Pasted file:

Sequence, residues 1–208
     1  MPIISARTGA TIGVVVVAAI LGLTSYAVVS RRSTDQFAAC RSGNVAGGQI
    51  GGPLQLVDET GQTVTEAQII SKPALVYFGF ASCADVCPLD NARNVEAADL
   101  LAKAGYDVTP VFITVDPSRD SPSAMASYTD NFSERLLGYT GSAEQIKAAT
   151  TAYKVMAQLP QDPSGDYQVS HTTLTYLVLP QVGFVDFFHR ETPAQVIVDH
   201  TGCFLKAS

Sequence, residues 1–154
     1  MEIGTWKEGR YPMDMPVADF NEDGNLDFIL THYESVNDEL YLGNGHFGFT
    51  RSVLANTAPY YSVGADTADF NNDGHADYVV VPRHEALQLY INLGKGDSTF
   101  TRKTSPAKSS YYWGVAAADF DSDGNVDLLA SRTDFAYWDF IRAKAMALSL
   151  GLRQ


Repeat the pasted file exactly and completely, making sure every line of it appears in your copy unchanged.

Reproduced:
Sequence, residues 1–208
     1  MPIISARTGA TIGVVVVAAI LGLTSYAVVS RRSTDQFAAC RSGNVAGGQI
    51  GGPLQLVDET GQTVTEAQII SKPALVYFGF ASCADVCPLD NARNVEAADL
   101  LAKAGYDVTP VFITVDPSRD SPSAMASYTD NFSERLLGYT GSAEQIKAAT
   151  TAYKVMAQLP QDPSGDYQVS HTTLTYLVLP QVGFVDFFHR ETPAQVIVDH
   201  TGCFLKAS

Sequence, residues 1–154
     1  MEIGTWKEGR YPMDMPVADF NEDGNLDFIL THYESVNDEL YLGNGHFGFT
    51  RSVLANTAPY YSVGADTADF NNDGHADYVV VPRHEALQLY INLGKGDSTF
   101  TRKTSPAKSS YYWGVAAADF DSDGNVDLLA SRTDFAYWDF IRAKAMALSL
   151  GLRQ